Friday, October 26, 2012

Rape and Bad Theology Once More

In light of the recent remarks by Indiana Senate candidate Richard Mourdock, it seems timely and appropriate to repost an earlier piece, "Theology and Rape Blessings," which I composed a couple of months back in response to some of the more disturbing "defenses" of Todd Akin's "legitimate rape" remarks.

But I need to do so with a brief introductory correction to my earlier comments on this subject. In the piece reposted here, I say that I don't think defenders of Todd Akin's remarks "believe that every act of sin and wickedness is part of God’s plan, every rape predestined by God to serve God’s glory."

Apparently I was wrong about this. I don't see how else to read Mourdock's comments other than as saying something along these lines. If so, his theology is even more troubling than the rape theology I examine in this post. 

Also--as I note in the post below--this sort of theology is not even coherent as a basis for opposing abortion in rape cases. If God is so sovereign that every rape pregnancy is part of God's plan, then wouldn't it follow that God is so sovereign that every abortion of a rape pregnancy is part of God's plan too? Wouldn't it follow that Roe v Wade was part of God's plan? Mourdock's comments not only seem to make God into an accessory to rape, but they do so in a way that fundamentally undermines the very purpose for which Mourdock and others like him make these claims.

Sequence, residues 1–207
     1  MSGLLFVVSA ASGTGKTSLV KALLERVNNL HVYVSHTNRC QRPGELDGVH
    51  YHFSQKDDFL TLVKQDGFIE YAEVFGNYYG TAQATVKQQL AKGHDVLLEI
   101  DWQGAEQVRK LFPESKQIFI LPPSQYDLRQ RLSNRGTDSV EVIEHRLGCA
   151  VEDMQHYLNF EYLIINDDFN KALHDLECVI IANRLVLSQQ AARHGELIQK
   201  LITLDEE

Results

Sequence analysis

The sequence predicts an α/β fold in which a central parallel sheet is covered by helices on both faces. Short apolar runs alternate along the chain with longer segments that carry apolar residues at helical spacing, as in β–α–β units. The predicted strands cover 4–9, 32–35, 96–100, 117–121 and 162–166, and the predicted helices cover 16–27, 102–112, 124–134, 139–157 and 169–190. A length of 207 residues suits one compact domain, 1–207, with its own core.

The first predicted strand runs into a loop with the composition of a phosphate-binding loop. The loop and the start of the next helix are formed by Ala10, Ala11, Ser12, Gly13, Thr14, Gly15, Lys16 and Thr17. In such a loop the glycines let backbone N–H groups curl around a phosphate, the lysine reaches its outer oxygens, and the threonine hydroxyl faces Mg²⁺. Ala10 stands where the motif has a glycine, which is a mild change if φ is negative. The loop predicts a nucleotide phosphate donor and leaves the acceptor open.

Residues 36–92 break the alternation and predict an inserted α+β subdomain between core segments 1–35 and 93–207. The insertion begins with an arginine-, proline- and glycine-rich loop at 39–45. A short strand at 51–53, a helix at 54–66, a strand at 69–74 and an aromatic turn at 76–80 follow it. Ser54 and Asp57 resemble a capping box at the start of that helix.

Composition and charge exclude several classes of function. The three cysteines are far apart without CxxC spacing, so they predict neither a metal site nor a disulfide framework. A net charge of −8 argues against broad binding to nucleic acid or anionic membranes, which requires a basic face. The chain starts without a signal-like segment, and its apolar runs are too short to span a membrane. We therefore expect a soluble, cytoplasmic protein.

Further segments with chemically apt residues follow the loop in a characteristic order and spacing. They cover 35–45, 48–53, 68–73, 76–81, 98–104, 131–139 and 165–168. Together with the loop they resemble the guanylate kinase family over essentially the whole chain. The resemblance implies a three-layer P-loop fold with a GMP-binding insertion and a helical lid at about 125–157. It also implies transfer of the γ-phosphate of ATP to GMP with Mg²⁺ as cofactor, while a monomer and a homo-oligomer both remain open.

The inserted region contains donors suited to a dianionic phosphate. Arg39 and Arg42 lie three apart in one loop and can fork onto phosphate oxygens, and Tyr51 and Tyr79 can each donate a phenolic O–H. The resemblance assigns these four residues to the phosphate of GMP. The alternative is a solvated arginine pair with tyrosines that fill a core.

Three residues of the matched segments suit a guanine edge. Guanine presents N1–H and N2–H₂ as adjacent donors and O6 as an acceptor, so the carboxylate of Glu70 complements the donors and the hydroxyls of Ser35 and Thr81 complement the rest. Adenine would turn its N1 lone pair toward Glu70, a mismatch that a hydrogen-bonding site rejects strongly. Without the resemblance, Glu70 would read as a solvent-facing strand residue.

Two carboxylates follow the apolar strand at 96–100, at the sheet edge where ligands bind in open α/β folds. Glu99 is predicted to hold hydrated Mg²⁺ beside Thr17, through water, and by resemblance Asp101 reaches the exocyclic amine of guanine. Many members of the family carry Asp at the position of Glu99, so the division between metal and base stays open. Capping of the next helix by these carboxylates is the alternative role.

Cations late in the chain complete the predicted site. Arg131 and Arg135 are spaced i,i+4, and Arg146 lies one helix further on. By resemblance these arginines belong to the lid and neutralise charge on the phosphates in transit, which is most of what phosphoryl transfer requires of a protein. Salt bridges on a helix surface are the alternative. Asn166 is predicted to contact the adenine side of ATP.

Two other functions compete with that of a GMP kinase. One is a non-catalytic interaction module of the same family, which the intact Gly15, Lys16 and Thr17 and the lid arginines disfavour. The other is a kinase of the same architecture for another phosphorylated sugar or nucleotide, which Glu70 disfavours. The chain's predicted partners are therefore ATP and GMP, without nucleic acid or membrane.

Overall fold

But, given how marginally coherent Mourdock's remarks seem to be if interpreted in the most obvious way, maybe we should take him as having misspoken or spoken loosely. In that case, it seems the best we can do is interpret him as saying something along the lines of the (somewhat) more nuanced theology I've charitably attributed to Todd Akin's defenders. If so, what I said before about that theology bears repeating in the light of Mourdock's comments. 

So here it is, this time with subheadings:  

Todd Akin's Defenders

Attention to the GOP convention has helped to eclipse the furor over GOP Senate contender Todd Akin’s remarks suggesting women have a built-in birth control mechanism to prevent pregnancy due to “legitimate rape.” So perhaps now is the time to reflect more soberly on an underappreciated dimension of that controversy, a dimension that I suspect will unfortunately stay with us long after Akin loses his election and is forgotten.

I'm not thinking about Akins' dubious views about women's biology, nor the implicit suggestion that some significant number of purported rapes are as illegitimate as babies born out of wedlock (although that's a serious matter). The idea I want to consider is the notion that pregnancies resulting from rape are a blessing from God.